by Noah Kravitz

One of the big stories of this CES has been the massive wave of tablet computers being launched and shown off all over the show floor and talked about in keynotes, supersessions, and late night bull sessions anywhere geeks hang out. Which is just about everywhere you look in Sin City this week.

NVIDIA’s Mike Rayfield sat on a Supersessions Panel on disruptive technologies this morning, and gave some insight as to why tablets are the talk of the show right now.

“Honestly think we’re looking at the next personal computing revolution. I personally love the tablets and superphones,” Rayfield said. “You see 10s of thousands of people doing their computing on these devices as they’re walking around the convention.”  He went on to speculate that we will likely “look back five years from now and see that a significant percentage of the population did their first computing on mobile devices – because of the portability, the touchscreens, the ease of navigation.”

NVIDIA’s Tegra 2 technology is literally in the majority of the tablets being shown off at CES 2011, including the first-ever Android 3.0 “Honeycomb” products to be announced. Here’s a quick roundup of the new high-profile tablets featuring NVIDIA’s dual-core Tegra 2 chipset:

Motorola Xoom for Verizon

Perhaps the highest-profile tablet launch, Xoom is not just a flagship product for Verizon’s new 4G LTE service, but also the vehicle of choice for showing off Google’s much-anticipated Android 3.0 operating system this week. Featuring a 10″ HD display, 1080p video playback with HDMI out, 3G/4G/WiFi connectivity, and dual cameras for capturing photos/video and conducting video calls, Xoom is seriously a do-it-all device. Look for Xoom to ship in 3G form in Q1 of this year, followed by an upgrade to 4G service in Q2.

T-Mobile G-Slate with Google by LG

Another Android 3.0 tablet powered by Tegra 2, G-Slate, was shown briefly at T-Mobile’s press conference and will be available in the coming months. The device will utilize T-Mobile’s 4G network and NVIDIA’s visual computing prowess for new applications like Google Talk with video and voice chat and Google Maps 5.0 with 3D interaction.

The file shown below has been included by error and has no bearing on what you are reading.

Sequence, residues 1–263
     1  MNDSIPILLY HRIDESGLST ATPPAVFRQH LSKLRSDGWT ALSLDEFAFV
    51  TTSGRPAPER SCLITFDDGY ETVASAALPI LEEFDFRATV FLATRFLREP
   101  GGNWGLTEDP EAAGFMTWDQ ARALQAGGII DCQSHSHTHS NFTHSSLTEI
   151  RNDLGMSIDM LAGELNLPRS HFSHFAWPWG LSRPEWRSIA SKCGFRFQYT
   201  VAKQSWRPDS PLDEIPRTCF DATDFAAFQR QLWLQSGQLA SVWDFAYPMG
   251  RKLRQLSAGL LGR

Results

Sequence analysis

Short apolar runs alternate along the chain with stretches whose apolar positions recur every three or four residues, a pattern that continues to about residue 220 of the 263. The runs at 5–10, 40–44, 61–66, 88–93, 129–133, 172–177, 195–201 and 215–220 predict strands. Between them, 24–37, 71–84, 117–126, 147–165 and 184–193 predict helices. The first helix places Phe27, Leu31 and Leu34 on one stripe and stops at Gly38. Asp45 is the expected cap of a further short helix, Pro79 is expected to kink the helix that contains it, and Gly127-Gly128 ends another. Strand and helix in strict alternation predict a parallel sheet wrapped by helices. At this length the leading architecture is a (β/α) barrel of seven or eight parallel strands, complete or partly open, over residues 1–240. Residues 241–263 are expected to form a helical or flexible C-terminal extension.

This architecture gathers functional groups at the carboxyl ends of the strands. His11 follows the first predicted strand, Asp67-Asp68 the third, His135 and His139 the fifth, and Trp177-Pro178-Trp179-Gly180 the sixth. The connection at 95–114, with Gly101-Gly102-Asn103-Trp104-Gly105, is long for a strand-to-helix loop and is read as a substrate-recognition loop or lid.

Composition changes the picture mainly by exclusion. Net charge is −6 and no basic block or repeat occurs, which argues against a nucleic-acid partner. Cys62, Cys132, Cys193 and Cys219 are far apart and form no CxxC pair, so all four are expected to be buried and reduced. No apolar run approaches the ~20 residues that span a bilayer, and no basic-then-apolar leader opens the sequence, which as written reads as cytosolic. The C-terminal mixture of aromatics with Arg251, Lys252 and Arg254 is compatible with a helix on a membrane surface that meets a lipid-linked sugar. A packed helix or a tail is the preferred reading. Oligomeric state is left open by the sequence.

Dell Streak 7 for T-Mobile

Built for one or two-handed use, the Streak 7 is T-Mo’s first 4G tablet computer, capable of up to 21 Mbps downstream data speeds. Streak 7 features a 7″ Gorilla Glass display, Android 2.2 and full Adobe Flash Player 10.1 support.

Acer ICONIA Tab A500

Acer’s ICONIA was being used to show off some sweet Android-based games at the NVIDIA booth. Featuring a 10″ display and support for Verizon’s 4G LTE network, ICONIA was shown in non-final form running Android 2.2, though word is it will ship with Android 3.0 Honeycomb, which would make sense given the device’s lack of physical buttons (kind of a must for 2.2). ICONIA felt really nice in my hands, thanks to its slim 13mm profile and aluminum housing. Looking forward to hearing more on this one as it gets finalized.



Asus unveiled two unique tablet computers, both running Tegra 2 dual-core processors. The Eee Pad Transformer features a 10 inch touchscreen and detachable keyboard, making it a dual-threat device for touch and keyboard input. The Eee Pad Slider also sports a physical keyboard, but as its name implies, its touchscreen is mounted on a sliding mechanism – slide the screen out and angle it up to use the device laptop-style with the QWERTY board revealed, or slide the display back to its closed position for touch-only usage like a traditional tablet.

Both devices are being shown running Android 2.2 this week, but Asus says they’ll both be running Honeycomb (3.0) when they ship later this quarter. Expect 10 inch displays, dual cameras, and HDMI output on both Eee Pads, along with WiFi and – most likely – some form of 3G connectivity.


Toshiba was showing a prototype of an unnamed tablet featuring Tegra 2 on the inside. The device sports a 10.1″, 1280 x 800 pixel touchscreen, HDMI out, front and rear cameras, and some Toshiba magic designed to enhance audio and video output from source files. The prototypes being shown this week were running Android 2.2, but like the other Tegra 2 based tablets here in Vegas, Toshiba says their new baby will run Honeycomb 3.0 when it ships.